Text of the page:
LINKS:

Website: www.katherineramsland.com

Blog: http://www.psychologytoday.com/blog/shadow-boxing

Facebook Page: https://www.facebook.com/Kath.ramsland/

Twitter: https://twitter.com/KatRamsland

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Forensic Science Then and Now: an Interview with Jay Jarvis

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Jay Jarvis is a native of Long Island, New York. While a student in high school, his chemistry class went on a tour of the New York City Police Crime Lab. It was on that trip that Jay decided that his interest in chemistry could be best used in the field of forensic science. After his family relocated to Georgia, Jay earned his Bachelor of Science degree in Chemistry from Georgia College. To better prepare himself for a career in forensic science, Jay applied for and was accepted into the graduate program in Forensic Chemistry at the University of Pittsburgh and received his Master of Science degree in 1979. Immediately after graduate school, he was hired at the Georgia State Crime Laboratory in Atlanta.

During his 32-plus year career, Jay either performed casework in or was a supervisor for most of the forensic disciplines. Between 1982 and 1997, he wore a multitude of hats, performing casework in firearms and tool marks, hair, fiber and glass comparisons, footwear and tire tread examinations, fire debris and explosives analysis, latent fingerprint processing, marijuana identification, presumptive blood testing and crime scene analysis for a large area of central Georgia. He has testified as an expert in Federal Court and the courts of Georgia and several other states over 750 times.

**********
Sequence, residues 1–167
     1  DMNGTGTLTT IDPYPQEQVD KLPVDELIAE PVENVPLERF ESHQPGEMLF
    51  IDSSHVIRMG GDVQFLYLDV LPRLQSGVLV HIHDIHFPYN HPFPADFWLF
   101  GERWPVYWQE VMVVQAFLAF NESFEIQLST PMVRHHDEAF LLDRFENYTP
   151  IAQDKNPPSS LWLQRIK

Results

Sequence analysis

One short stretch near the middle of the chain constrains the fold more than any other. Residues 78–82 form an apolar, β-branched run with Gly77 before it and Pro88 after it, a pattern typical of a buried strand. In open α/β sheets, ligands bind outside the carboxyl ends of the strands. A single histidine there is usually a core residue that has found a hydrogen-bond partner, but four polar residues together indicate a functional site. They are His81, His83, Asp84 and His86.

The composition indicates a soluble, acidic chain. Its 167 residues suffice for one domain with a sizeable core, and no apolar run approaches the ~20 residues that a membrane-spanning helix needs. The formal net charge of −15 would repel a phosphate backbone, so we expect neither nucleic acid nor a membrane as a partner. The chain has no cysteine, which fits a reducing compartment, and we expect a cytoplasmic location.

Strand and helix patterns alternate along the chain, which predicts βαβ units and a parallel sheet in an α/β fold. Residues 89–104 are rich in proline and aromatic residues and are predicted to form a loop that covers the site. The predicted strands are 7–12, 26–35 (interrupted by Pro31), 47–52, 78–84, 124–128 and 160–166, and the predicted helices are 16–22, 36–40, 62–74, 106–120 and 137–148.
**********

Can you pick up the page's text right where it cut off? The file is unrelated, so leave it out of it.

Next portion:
Jay also has extensive experience in crime laboratory accreditation, having served as an accreditation assessor and as a member of the Board of Directors of the American Society of Crime Laboratory Directors Laboratory Accreditation Board (ASCLD/LAB), including one year as the Board Chair. He has been invited to speak at seminars and training sessions on topics related to forensic science. Jay currently lives in northwest Georgia just outside the metropolitan Atlanta area, which allows him easy access to most destinations via Atlanta’s Hartsfield-Jackson International Airport.

 

 

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BOOKS:
Georgia’s Crime Doctor http://www.lulu.com/us/en/shop/jay-jarvis/georgias-crime-doctor/hardcover/product-10639368.html

LINKS:

National Commission on Forensic Science Recommendations on Accreditation https://www.justice.gov/ncfs/file/477851/download

“Real-Life Not Like CSI on Television,” Macon Telegraph article on Jay Jarvis http://www.armaforensics.com/uploads/Real_Life_CSI-Grisamore.pdf

“Alumnus carries microscope into career,” Georgia College Alumnus article on Jay Jarvis
http://www.armaforensics.com/uploads/Alumnus_carries_microscope.pdf

Arma Forensics www.armaforensics.com